Heavy flooding in western and southwestern Iran that has killed dozens of people and forced thousands from their homes in recent weeks has resulted in strong criticism of the government's relief response to the crisis.
The severe floods -- caused by weeks of heavy rain -- have swept through hundreds of towns and villages in 20 regions.
The mountainous Lorestan Province and the oil-producing Khuzestan Province have been especially hard hit, with forced evacuations of dozens of towns and villages and massive damage to homes and infrastructure.
At least 60 people have died in recent weeks due to the floods. Many others are reported missing.
Sarem Razaee, the head of Iran's Red Crescent relief organization, said the town of Pol-e Dokhtar, in Lorestan Province, was in a "super-crisis" situation. All communication with the town, at least two-thirds of which was underwater, was cut off on April 1.
At least 60 villages in Lorestan were reportedly underwater.
WATCH: Towns and villages across large parts of Iran have been deluged over the past two weeks in the heaviest flooding the country has seen in at least a decade.
Iranian emergency services have brought four helicopters to Pol-e Dokhtar because several land routes to the city have been cut off. Many people have been housed in tents and some food supplies have been brought to the area.
But Mahmud Sadeqi, a parliament member, warned President Hassan Rohani that Lorestan Province was "facing a tragedy" and that people urgently needed food, drinking water, and medicine.
He added that the "lack of order and planning is widespread."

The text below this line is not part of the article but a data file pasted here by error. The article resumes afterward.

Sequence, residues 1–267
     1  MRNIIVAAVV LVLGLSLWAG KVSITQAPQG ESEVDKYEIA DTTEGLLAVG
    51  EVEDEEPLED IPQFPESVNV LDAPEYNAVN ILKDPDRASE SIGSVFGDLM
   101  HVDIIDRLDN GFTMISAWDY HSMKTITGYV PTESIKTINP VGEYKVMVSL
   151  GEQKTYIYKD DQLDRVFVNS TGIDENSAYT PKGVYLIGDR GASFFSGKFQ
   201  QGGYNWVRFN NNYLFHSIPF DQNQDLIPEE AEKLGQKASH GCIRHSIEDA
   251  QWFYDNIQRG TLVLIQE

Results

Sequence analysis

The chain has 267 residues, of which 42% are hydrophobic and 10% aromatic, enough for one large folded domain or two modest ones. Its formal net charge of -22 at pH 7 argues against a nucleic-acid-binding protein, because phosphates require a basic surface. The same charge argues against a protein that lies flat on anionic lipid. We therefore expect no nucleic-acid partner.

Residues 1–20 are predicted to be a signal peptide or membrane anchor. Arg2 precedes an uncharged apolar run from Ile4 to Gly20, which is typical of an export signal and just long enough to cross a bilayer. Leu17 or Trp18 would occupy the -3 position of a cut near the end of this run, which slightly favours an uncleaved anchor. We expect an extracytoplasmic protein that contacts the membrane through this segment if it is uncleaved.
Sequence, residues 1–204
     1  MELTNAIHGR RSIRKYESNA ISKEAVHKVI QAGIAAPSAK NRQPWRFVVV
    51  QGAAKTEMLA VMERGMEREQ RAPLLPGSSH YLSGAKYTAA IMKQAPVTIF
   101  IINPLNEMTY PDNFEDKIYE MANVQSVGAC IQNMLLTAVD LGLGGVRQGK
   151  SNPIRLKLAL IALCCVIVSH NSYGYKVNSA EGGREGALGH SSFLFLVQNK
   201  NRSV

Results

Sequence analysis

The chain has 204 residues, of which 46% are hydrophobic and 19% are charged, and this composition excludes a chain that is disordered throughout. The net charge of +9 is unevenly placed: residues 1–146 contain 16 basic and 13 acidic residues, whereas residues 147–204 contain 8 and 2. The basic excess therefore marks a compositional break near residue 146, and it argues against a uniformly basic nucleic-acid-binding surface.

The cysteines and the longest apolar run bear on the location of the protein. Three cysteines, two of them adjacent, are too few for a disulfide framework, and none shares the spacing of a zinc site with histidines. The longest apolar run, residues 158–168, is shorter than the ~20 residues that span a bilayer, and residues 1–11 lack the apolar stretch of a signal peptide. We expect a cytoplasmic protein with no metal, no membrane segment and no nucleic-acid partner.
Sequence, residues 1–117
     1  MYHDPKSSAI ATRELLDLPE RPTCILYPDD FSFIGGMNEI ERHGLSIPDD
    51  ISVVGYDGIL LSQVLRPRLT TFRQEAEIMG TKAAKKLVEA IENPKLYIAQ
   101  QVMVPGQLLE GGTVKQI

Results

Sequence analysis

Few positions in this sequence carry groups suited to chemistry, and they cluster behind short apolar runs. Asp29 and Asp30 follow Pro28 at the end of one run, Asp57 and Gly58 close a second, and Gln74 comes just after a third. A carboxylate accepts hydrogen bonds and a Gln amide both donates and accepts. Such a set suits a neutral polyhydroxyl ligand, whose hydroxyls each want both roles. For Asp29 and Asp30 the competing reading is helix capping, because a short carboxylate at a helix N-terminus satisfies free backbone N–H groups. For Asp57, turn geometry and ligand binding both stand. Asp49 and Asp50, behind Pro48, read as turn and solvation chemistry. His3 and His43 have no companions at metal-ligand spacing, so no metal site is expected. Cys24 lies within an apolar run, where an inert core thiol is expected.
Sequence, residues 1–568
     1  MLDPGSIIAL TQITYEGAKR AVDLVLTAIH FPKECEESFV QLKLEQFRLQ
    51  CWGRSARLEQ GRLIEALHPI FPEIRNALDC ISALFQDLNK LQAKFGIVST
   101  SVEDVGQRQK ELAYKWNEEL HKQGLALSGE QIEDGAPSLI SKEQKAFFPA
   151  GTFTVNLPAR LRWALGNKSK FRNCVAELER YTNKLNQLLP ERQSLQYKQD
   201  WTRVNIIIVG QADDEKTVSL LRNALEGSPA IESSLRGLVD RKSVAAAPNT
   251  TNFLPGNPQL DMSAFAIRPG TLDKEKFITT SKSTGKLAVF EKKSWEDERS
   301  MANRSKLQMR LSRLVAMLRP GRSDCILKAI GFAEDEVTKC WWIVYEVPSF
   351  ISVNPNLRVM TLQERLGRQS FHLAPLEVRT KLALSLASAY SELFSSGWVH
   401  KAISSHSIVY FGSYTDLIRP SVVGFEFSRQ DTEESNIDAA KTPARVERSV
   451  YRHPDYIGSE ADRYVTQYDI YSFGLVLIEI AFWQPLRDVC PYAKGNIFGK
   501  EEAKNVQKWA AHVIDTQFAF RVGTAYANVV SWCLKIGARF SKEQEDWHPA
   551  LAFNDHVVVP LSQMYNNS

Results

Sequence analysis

Thousands of people are sheltering in the open with little food or warm clothes in often rainy weather.
The relief effort was seen by many as inadequate, and the government as well as aid agencies came under severe criticism for the aid effort being too small in scale and unable to cope with the acute needs of tens of thousands of people affected by the floods.
Mohammad Pakpur, the commander of the Islamic Revolutionary Guards Corps (IRGC) ground forces, said there had been "no management" of the rescue or aid operations in Pol-e Dokhtar and that government officials would not "dare" to go the area because the "people are in a rebellious mood."
He added that citizens evacuated from the area "are in a sorry state and conditions are bad."
Parliament deputy Hamidreza Kazemi, who was in Pol-e Dokhtar, said many people "have spent two nights in the open, having fled to the mountains and have nothing," Fars news agency reported.
He urged the government and aid organizations to send food and warm clothes.
Lorestan Governor Seyyed Musa Khademi warned of critical humanitarian needs in his province that were not being met. A representative of the governor's office in the town of Mamoolan criticized the Iranian Red Crescent for a lack of action in the region.
Mohsen Rezaee, a senior politician and former IRGC commander, warned that the Karkheh Dam in Khuzestan was facing a critical situation and had to release more water.
Kermanshah Province Governor Asadollah Razani said on April 2 that the floods had caused large-scale damage of more than $60 million to roads and canals in his region, IRNA reported.
He added that some 70,000 hectares of farmland had also been destroyed.
U.S. Secretary of State Mike Pompeo on April 2 blamed the Iranian government for the shortcomings in aid relief, one day after Iranian Foreign Minister Mohammad Javad Zarif said in a tweet that "economic terrorism" by Washington was responsible for the shortage of rescue helicopters.
"These floods once again show the level of Iranian regime mismanagement in urban planning and in emergency preparedness," Pompeo said. "The regime blames outside entities when, in fact, it is their mismanagement that has led to this disaster."
He said the United States was "ready to assist and contribute to the International Federation of Red Cross and Red Crescent Societies" in an effort to help Iranians caught in the floodwaters.
Zarif called Washington's offer "fake news."